Mental health in economic crises

Malin Bring

Following the economic crisis that began in 2007, the WHO European Region has experienced changes – a rise in unemployment, an increasing number of people living in poverty, and cuts in public spending – that are detrimental to mental health.

Substantial research has revealed that people, particularly men, who experience unemployment, impoverishment and family disruptions have a significantly greater risk of mental health problems, such as depression, alcohol use disorders and suicide than their unaffected counterparts.

Not only do crises have a negative effect on health, including mental health, but poor mental health also has a knock-on effect on economic development. The economic consequences of mental health problems –mainly in the form of lost productivity – are estimated to average 3–4% of gross national product in European Union countries.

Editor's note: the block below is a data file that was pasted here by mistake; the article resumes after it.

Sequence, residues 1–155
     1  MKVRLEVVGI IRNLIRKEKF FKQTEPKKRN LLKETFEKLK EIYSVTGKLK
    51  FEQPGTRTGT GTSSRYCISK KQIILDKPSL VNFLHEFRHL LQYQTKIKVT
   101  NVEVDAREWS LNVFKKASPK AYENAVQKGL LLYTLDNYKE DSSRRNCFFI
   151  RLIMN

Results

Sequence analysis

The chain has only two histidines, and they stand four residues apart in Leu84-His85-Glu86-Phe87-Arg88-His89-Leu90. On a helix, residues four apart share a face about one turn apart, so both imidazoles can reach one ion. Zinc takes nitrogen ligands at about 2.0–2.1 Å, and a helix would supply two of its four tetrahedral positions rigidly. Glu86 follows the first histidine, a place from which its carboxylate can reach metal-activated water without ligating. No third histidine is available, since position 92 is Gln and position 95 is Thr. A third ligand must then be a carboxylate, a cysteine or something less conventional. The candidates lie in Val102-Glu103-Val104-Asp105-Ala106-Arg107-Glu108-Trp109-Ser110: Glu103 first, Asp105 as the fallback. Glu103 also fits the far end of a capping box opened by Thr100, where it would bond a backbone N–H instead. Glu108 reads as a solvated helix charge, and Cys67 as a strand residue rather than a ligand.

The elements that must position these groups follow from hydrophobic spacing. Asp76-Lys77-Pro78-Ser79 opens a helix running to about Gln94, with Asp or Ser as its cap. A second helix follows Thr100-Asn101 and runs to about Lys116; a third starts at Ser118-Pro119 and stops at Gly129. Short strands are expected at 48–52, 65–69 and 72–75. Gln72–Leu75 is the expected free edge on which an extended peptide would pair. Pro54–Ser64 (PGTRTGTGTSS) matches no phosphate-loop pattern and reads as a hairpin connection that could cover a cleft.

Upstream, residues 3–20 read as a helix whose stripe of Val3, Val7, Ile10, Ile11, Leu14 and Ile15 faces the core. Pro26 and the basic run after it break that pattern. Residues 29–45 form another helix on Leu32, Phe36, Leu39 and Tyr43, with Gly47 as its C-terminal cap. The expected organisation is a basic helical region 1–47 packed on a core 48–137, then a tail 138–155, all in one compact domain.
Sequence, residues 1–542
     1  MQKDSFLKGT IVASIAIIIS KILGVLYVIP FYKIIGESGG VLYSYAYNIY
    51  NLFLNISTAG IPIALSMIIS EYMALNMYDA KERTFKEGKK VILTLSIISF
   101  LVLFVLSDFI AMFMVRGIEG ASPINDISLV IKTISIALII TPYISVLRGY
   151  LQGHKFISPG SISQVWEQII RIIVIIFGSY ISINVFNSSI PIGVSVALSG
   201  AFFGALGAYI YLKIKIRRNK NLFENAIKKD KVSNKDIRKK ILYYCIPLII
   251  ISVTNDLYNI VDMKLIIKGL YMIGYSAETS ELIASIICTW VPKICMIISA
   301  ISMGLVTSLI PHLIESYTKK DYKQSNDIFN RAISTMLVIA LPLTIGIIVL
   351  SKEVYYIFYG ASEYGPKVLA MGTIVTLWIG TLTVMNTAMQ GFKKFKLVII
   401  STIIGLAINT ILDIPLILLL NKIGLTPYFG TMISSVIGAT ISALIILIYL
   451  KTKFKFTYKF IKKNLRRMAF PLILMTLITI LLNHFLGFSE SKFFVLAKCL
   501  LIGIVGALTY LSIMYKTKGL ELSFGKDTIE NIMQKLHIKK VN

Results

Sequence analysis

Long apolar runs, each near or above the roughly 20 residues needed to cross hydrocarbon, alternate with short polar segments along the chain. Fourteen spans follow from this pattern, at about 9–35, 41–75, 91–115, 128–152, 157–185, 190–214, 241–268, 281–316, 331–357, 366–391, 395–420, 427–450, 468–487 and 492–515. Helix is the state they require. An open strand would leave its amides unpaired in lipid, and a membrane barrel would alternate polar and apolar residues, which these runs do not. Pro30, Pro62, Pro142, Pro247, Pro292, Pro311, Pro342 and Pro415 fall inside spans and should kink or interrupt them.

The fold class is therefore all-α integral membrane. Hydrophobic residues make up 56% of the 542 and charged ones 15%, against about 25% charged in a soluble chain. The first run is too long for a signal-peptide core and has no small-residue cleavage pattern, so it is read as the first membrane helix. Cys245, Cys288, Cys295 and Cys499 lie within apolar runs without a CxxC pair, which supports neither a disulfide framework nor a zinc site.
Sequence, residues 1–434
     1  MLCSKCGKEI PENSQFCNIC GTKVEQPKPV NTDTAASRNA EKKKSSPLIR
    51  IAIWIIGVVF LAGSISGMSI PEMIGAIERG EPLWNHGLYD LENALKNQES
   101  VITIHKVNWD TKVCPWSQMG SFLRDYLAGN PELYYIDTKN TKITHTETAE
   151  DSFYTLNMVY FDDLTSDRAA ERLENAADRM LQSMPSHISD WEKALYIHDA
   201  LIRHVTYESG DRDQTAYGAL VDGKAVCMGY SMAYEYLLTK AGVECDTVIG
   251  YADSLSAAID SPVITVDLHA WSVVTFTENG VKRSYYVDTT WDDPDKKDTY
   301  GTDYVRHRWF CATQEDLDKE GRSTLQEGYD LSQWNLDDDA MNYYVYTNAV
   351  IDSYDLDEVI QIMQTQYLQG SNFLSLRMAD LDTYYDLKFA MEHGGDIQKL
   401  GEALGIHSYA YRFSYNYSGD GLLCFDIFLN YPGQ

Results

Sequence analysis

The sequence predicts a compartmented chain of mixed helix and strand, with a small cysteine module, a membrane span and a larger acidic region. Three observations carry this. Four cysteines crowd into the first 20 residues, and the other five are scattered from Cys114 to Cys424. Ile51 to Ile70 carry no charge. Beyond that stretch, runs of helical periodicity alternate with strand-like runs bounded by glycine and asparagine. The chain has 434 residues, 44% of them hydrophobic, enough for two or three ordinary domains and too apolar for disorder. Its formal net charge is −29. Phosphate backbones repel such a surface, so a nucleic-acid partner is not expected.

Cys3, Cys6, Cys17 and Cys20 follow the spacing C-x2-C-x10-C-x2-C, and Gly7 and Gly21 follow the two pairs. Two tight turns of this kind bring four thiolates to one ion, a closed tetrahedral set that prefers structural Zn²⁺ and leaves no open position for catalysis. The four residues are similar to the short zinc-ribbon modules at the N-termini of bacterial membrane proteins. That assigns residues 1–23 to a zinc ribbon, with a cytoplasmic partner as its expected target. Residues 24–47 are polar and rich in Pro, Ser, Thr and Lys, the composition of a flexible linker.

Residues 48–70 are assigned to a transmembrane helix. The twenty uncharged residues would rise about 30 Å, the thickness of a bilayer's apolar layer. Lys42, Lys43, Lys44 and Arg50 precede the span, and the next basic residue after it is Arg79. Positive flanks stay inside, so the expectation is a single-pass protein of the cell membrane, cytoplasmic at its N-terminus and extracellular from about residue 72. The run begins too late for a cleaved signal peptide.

Factors affecting people’s mental health
 

Protective factors Risk Factors
Social capital and welfare protection Poverty, poor education, deprivation, high debt
Healthy prenatal and childhood environment

Poor prenatal nutrition, abuse, harsh upbringing, poor relationship with parents, intergenerational
transmission of mental health problems

Healthy workplace and living Unemployment, job insecurity, job stress
Healthy lifestyles Alcohol and/or drug use

Further research suggests that countries that buffer the effects of economic crises, through a strong social safety net, protect their populations from the risks to their mental health and enable swifter economic recovery. These social protection initiatives include:

  • active labour market programmes, helping people retain jobs and quickly regain employment;
  • family support measures;
  • restrictions on alcohol availability;
  • debt relief programmes; and
  • access to mental health services.

A new publication, “Impact of economic crises on mental health”, explains the intersectoral action that governments can take to mitigate the effects of economic crises on mental health.